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Trachycarpus is the name of a genus of several different species of palm trees. A genus is a group of different species that share certain identifying characteristics. In the case of trachycarpus, these traits include fan-shaped palms, often with a hairy looking trunk, and producing male and female flowers on separate plants. Some of the species also are very tolerant of cold climates, which is rare for a palm.
In the wild, trachycarpus palms grow in an area near the lower Himalayan Mountains, spanning from northern India, Nepal, Burma, China, all the way past northern Thailand. They are small- to medium-sized trees and growth in the wild is sparse. Many more palms are actually grown through cultivation than occur naturally. They are relatively easy to grow in cultivation since they can withstand a wider range of temperatures than many other types of palms.
There are eight different species within the trachycarpus (T.) genus of palms: T. fortunei, T. takil, T. wagnerianus, T. nanus, T. oreophilus, T. princeps, T. martianus, and T. latisectus. Each species is unique, but they do share some traits in common. They are all fan shaped, with the palm fronds made up of many leaflets growing out of a central base, and fanning out in a rounded, semi-circular shape. The leaf bases produce fibers that give the trunk a distinctive, hairy look.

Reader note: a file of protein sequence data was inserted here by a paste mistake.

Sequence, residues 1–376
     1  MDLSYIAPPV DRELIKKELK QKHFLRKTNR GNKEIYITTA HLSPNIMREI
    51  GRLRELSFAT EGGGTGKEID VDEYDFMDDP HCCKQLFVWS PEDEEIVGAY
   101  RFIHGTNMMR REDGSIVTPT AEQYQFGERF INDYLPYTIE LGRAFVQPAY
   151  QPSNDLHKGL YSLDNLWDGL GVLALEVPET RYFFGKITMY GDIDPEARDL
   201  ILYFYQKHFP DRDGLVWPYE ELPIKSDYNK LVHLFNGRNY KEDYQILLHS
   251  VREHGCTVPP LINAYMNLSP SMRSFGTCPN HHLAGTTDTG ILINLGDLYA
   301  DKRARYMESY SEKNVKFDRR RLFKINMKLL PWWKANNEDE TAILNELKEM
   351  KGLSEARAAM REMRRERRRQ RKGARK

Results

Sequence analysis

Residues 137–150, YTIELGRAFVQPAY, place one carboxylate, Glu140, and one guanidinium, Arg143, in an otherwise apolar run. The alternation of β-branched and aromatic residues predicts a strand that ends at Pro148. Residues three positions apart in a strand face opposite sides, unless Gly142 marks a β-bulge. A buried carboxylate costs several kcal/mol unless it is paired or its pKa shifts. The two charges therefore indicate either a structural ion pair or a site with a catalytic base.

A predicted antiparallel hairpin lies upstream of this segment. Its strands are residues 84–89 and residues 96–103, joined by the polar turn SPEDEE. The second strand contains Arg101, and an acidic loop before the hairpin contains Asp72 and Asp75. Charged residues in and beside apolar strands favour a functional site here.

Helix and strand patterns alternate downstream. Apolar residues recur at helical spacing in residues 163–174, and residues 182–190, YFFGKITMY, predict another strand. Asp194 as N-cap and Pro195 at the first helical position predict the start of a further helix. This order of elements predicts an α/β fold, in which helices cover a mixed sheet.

All of the trachycarpus species are dioecious, meaning that individual plants produce either male or female flowers, but not both at the same time as some other plants are able to do. This means that they are not able to self pollinate and produce seeds on their own so they must be cultivated by people, or pollinated by insects. Many of the species produce kidney-shaped seeds, and a few produce oval, grooved seeds. Germination takes about eight to 12 weeks, and initial growth is very slow, although this speeds up as plants mature.
There are several varied uses for trachycarpus palms. In many places, the fibers produced by the leaf bases are used to make doormats, brushes, brooms, and strong, rough rope — The tree's nickname is "hemp-palm" because of this use. At one time the fibers were even used to make a simple type of rain cape, but they were very uncomfortable and got heavy when wet. The seeds are used for medicinal reasons, and have been rumored to have anti-cancerous traits. Several species, notably trachycarpus fortunei, are grown for use in landscaping and gardens because of their ability to tolerate cold temperatures.